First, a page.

'One More Serious Try' on a Second Stimulus Deal Is Coming, Says Mnuchin

Treasury Secretary Steven Mnuchin on Wednesday assured Americans that lawmakers across party lines are making a new effort to reach a second economic relief deal before the November election.

"Well, I say we're going to give it one more serious try to get this done, and I think we're hopeful that we can get something done," Mnuchin said during the Delivering Alpha conference presented by CNBC and Institutional Investor magazine. "I think there's a reasonable compromise here."

Mnuchin added that he had lengthy conversations with Speaker of the House Nancy Pelosi over the weekend. He said that he expected that he would meet with her again Wednesday afternoon and that "we'll deliver a response" on a bipartisan proposal.

"In many cases, we do have things that we agree on and we have things that there are differences, and we're trying to see if both of us can manage a package that gets some of what everybody wants," Mnuchin said of their working relationship.

Mnuchin revealed that the "reasonable response" would be "very similar" to what the Problem Solvers Caucus, a bipartisan group of lawmakers, put forth in their $1.5 trillion package earlier this month.

A compromise is something President Donald Trump wants as well, Mnuchin said Wednesday, acknowledging that parts of the economy still need help managing the fallout from the severe recession caused by the coronavirus pandemic.

Trump previously said he agreed "with a lot" of the proposal put forth by the caucus, but Pelosi has pushed back against the amount of spending in the legislation, which is lower than what the Democrats want. "We can only go so far," she said.

Mnuchin Sept. 24
Treasury Secretary Steven Mnuchin testifies before the Senate Committee on Banking, Housing and Urban Affairs on September 24. Mnuchin said Wednesday that lawmakers across party lines are trying to reach a deal on economic relief legislation before the November election. TONI L. SANDYS/POOL/AFP/Getty

The secretary's comments come after the Democratic-controlled House passed an updated version of its HEROES Act, reducing the package's cost from the $3.4 trillion proposed in the original legislation in May to $2.2 trillion.

House Majority Leader Steny Hoyer said Wednesday lawmakers hoped the GOP would provide a "substantive response" to the updated act, as the original price tag was a point of contention between Republicans and Democrats. Earlier this summer, the initial bill had been branded dead upon arrival in the Republican-controlled Senate.

The new Health and Economic Recovery Omnibus Emergency Solutions (HEROES) Act includes measures that would provide another round of direct payments to American individuals and families, improve the Paycheck Protection Program (PPP) and provide more funds to bolster education, according to a one-page summary highlighting the bill's provisions.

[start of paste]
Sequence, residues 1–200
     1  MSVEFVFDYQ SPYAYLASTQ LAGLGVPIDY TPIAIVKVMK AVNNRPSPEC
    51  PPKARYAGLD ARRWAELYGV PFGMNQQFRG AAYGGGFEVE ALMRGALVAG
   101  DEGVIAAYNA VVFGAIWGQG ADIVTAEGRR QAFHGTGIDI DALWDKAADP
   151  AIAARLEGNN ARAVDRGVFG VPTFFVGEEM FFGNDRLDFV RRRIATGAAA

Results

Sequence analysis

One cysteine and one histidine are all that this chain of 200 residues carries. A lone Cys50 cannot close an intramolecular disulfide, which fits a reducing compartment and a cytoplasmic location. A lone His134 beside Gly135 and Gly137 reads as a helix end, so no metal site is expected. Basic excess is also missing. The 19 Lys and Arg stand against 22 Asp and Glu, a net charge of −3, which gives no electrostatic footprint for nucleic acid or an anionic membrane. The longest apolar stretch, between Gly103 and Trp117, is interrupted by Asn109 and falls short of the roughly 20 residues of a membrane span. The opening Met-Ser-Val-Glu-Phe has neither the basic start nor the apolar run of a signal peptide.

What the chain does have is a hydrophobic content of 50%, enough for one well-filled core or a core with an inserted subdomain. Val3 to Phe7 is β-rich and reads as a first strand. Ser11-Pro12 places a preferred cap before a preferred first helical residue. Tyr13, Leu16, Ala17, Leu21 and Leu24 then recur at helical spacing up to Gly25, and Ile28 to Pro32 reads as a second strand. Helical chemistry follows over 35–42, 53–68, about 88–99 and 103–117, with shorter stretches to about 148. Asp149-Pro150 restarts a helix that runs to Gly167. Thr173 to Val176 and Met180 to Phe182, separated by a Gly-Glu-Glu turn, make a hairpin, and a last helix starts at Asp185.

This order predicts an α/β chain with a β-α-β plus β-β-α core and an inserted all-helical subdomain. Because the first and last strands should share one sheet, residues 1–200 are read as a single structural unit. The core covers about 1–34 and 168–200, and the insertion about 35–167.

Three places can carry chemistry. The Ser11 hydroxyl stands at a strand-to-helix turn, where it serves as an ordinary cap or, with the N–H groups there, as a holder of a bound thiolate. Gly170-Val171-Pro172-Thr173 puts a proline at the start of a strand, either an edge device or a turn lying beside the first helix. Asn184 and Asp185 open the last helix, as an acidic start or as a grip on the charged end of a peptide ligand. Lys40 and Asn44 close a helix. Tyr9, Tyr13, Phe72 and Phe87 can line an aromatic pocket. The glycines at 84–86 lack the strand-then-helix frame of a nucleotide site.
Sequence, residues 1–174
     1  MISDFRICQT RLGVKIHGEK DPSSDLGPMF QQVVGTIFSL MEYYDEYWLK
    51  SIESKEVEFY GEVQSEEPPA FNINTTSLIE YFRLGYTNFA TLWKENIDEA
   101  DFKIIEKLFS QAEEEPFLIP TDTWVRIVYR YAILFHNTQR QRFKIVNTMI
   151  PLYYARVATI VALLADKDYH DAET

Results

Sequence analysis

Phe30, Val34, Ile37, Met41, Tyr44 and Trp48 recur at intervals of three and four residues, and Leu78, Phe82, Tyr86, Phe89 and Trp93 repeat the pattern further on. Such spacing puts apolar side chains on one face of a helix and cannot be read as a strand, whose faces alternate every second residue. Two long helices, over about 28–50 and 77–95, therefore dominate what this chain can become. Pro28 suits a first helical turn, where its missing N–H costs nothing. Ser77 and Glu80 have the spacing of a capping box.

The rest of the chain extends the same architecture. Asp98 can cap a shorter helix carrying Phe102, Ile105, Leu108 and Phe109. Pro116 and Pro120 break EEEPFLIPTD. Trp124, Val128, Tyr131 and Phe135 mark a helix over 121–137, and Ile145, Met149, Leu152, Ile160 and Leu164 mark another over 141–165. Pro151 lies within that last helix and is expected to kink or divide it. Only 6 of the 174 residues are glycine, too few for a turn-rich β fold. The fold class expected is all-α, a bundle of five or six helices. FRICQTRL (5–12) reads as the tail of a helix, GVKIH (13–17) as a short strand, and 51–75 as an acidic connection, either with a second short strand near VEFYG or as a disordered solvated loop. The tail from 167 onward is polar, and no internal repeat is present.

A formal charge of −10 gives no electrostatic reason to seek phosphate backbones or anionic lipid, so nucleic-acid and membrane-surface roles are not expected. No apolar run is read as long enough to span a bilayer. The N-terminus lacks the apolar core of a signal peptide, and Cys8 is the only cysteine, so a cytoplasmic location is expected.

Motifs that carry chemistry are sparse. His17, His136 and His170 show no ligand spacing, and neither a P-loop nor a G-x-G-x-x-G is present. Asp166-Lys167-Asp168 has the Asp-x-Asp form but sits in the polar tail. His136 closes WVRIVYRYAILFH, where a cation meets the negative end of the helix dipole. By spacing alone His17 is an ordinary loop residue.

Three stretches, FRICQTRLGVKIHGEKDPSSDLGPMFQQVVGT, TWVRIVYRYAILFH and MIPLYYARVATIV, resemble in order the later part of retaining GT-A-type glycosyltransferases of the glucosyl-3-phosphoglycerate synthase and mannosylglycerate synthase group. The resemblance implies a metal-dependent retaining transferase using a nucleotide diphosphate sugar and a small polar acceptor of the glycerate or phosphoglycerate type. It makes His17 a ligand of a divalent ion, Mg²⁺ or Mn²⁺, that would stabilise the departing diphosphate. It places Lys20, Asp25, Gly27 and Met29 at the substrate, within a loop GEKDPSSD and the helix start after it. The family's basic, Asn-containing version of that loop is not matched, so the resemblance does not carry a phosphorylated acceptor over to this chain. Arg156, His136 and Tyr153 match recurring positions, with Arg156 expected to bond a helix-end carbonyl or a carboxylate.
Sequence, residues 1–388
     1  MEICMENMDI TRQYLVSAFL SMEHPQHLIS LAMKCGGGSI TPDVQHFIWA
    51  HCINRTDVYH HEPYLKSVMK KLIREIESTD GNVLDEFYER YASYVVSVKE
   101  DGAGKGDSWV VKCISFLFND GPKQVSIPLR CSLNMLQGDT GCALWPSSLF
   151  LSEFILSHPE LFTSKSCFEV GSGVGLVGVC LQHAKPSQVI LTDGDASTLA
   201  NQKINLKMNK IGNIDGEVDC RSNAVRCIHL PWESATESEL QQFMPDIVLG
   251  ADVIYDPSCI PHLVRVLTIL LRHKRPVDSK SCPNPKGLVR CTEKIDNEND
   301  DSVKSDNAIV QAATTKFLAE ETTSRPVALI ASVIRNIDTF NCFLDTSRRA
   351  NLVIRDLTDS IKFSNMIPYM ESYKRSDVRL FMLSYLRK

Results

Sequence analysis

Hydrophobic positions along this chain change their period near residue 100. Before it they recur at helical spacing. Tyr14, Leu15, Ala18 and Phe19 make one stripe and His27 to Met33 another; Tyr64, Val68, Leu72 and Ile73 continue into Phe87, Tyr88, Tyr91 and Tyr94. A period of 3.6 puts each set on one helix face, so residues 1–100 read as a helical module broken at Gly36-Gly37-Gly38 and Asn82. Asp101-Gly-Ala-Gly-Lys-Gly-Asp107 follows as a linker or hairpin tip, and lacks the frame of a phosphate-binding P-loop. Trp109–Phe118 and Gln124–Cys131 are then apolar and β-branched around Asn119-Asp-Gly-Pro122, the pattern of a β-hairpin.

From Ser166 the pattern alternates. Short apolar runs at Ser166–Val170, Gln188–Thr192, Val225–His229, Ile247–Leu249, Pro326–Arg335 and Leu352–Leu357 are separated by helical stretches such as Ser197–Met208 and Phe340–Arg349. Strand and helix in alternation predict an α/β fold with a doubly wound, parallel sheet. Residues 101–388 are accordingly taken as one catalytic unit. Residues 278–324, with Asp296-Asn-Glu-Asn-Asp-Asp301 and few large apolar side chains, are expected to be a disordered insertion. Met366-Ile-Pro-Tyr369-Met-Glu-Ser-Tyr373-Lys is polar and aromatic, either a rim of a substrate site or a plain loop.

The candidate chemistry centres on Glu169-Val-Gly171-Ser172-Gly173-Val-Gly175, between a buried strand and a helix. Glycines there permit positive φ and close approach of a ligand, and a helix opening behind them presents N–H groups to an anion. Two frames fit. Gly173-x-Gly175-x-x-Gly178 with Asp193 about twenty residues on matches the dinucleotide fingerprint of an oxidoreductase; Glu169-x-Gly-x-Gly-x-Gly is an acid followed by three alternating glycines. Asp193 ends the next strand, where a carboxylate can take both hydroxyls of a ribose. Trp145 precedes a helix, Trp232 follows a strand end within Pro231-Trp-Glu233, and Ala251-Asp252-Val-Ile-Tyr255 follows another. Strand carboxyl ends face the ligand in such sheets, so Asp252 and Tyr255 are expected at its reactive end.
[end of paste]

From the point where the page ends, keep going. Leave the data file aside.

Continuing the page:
Many of the measures are ones that Republicans and Democrats agree upon, Mnuchin said Wednesday. The contention lies within the size and scope of the provisions. This largely comes down to money, as Senate Republicans want a much less expensive package. Senate Majority Leader Mitch McConnell proposed one costing about $500 billion, which Democrats immediately attacked.

"In many cases, we actually have an agreement between the Republicans and the Democrats on what we want to do. But in certain cases, the issue is really about the size and scope of how much we want to do," Mnuchin said. "So there are certain policies where we do have differences, but there's a lot of commonality."

Areas drawing "enormous" bipartisan support include extending the PPP, additional direct payments and funding for the airline industry, Mnuchin said. He acknowledged earlier in the interview that small businesses are still suffering and that more money is needed for kids who are going back to school.

Mnuchin also mentioned the need for small businesses to have liability protection in case workers get sick with the coronavirus, saying that is necessary to open the economy. Top Democrats, however, have stood firm in their opposition to such a measure.

The secretary revealed that he and White House chief of staff Mark Meadows spoke on Tuesday with House Minority Leader Kevin McCarthy and McConnell to discuss striking a bipartisan deal.

"We went through with them what our thoughts are," Mnuchin said. "And let's see if we can get a compromise agreement with the speaker, something that works, and then we'll continue to work with both sides to work on all the exact language and the policies."

Members of Congress have spent the past six months quarreling over a new federal aid package since the previous one, the Coronavirus Aid, Relief and Economic Security (CARES) Act, was signed by Trump in March.

While lawmakers are now generally in agreement that another round of economic relief is needed to help the suffering economy, debate remains over the details, leaving many questioning whether a deal can be struck before the November 3 election.

Newsweek contacted Pelosi, McCarthy, McConnell and the White House for additional comments but did not hear back in time for publication.